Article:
President Donald Trump has backed down in his fight with Speaker of the House Nancy Pelosi, agreeing to delay delivering the annual State of the Union address until after a partial government shutdown — now nearing its sixth week — is over.
“I will do the Address when the Shutdown is over,” Trump announced on Twitter late Wednesday night. “I look forward to giving a ‘great’ State of the Union Address in the near future!”
The president also backed down from comments he made Wednesday that he would seek alternative options for delivering the address, which had been scheduled for next Tuesday. On Twitter, Trump said he would not deliver his speech elsewhere because “no venue that can compete with the history, tradition and importance of the House Chamber.”
Trump had challenged Pelosi and vowed to deliver the State of the Union in the House chamber next week. But on Wednesday, Pelosi blocked Trump’s plan by refusing to pass the resolution necessary for him to give his speech before the joint session of Congress.
“I am writing to inform you that the House of Representatives will not consider a concurrent resolution authorizing the President’s State of the Union address in the House Chamber until the government has opened," Pelosi said in a letter sent to president.
Here’s everything else you need to know about the now-delayed State of the Union address.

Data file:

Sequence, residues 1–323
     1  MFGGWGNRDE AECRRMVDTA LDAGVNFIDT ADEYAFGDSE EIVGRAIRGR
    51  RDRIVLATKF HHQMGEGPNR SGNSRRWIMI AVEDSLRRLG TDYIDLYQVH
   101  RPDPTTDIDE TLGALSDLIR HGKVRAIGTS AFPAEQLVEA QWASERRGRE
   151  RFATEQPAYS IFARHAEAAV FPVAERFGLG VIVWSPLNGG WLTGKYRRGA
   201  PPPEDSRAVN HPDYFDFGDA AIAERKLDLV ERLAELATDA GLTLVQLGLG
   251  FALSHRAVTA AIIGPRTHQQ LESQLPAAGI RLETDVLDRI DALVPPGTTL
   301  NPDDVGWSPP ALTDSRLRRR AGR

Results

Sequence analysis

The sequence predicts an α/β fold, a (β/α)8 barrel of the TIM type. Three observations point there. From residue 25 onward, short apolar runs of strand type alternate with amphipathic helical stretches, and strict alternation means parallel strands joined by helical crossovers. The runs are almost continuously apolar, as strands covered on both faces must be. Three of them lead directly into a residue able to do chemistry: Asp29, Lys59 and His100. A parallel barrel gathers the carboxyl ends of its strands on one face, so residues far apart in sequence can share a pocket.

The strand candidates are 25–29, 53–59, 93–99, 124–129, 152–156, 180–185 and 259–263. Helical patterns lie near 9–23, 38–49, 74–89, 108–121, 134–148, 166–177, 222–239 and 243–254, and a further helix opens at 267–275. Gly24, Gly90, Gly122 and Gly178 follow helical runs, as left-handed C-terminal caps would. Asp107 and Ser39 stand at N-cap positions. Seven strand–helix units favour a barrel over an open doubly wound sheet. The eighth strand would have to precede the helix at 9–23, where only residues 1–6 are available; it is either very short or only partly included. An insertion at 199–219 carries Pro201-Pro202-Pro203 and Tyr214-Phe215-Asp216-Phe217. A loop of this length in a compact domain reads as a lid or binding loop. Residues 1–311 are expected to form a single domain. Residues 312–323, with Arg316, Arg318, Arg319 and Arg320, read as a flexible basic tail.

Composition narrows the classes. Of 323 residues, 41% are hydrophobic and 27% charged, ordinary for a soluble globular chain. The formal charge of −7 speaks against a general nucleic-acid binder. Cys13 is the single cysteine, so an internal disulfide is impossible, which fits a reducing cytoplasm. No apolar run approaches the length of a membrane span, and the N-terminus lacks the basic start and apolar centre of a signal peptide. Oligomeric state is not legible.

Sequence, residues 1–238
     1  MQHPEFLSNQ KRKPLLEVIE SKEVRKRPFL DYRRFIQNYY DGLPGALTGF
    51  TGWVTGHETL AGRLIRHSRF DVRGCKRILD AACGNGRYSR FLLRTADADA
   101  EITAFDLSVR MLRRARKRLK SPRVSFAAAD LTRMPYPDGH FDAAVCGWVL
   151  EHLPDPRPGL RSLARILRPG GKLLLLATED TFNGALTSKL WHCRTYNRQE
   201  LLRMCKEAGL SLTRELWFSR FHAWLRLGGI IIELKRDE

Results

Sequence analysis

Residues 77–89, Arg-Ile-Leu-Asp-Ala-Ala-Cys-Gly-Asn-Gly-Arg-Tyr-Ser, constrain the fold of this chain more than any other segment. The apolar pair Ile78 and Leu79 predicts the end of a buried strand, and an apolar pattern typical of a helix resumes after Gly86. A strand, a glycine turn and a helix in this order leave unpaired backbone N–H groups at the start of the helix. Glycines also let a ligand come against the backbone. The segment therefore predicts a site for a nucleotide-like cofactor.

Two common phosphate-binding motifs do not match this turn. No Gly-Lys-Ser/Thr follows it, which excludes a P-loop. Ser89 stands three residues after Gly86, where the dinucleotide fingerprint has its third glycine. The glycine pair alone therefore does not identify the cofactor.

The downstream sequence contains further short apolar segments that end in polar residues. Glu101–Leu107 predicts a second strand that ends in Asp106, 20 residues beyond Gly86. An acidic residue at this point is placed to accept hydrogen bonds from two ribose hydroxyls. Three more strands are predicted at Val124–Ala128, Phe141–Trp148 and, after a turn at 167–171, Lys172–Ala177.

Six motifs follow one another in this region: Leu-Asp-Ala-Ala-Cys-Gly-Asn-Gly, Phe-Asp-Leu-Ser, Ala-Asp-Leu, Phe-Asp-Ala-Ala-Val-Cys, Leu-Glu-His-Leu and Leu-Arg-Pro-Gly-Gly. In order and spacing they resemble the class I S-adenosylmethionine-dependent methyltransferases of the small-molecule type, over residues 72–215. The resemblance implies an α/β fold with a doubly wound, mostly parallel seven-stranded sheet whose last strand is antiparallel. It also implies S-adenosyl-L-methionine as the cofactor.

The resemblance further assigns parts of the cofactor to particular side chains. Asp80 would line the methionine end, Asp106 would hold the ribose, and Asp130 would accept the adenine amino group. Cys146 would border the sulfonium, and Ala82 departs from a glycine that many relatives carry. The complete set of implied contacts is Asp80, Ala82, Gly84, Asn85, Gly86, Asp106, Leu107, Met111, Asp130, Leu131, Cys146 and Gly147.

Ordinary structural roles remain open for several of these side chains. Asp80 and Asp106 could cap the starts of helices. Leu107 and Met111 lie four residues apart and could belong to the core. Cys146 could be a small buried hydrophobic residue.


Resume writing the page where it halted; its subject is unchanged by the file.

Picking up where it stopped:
Pelosi’s decision to rescind her invitation to Trump is the first time in U.S. history that the president has been denied the opportunity to deliver the annual State of the Union address before a joint session of Congress.
President Ronald Reagan was forced to postpone his 1986 State of the Union address for a week after the Challenger space shuttle disaster on Jan. 28. of that year.
With all the uncertainty surrounding the speech, all of the major broadcast networks were still waiting to find out what Trump planned to do before announcing any plans to break into their normal programming.
One network source speculated that a speech at the White House with members of Congress in attendance could still be construed as a State of the Union. But a political speech more akin to Trump’s rallies during the campaign would likely be something the network would avoid airing live, the source said. Not airing on broadcast television would have severely limited the reach of Trump’s address.
The Constitution is pretty vague about the speech itself, stating only that the president “shall from time to time give to the Congress Information of the State of the Union.”
Both George Washington and John Adam delivered speeches before Congress, but in 1801 Thomas Jefferson delivered his State of the Union in writing. Woodrow Wilson returned to the tradition of delivering a speech before Congress in 1913, and Franklin D. Roosevelt was first to refer to it as the “State of the Union” in 1943. Harry Truman made the name official in 1947.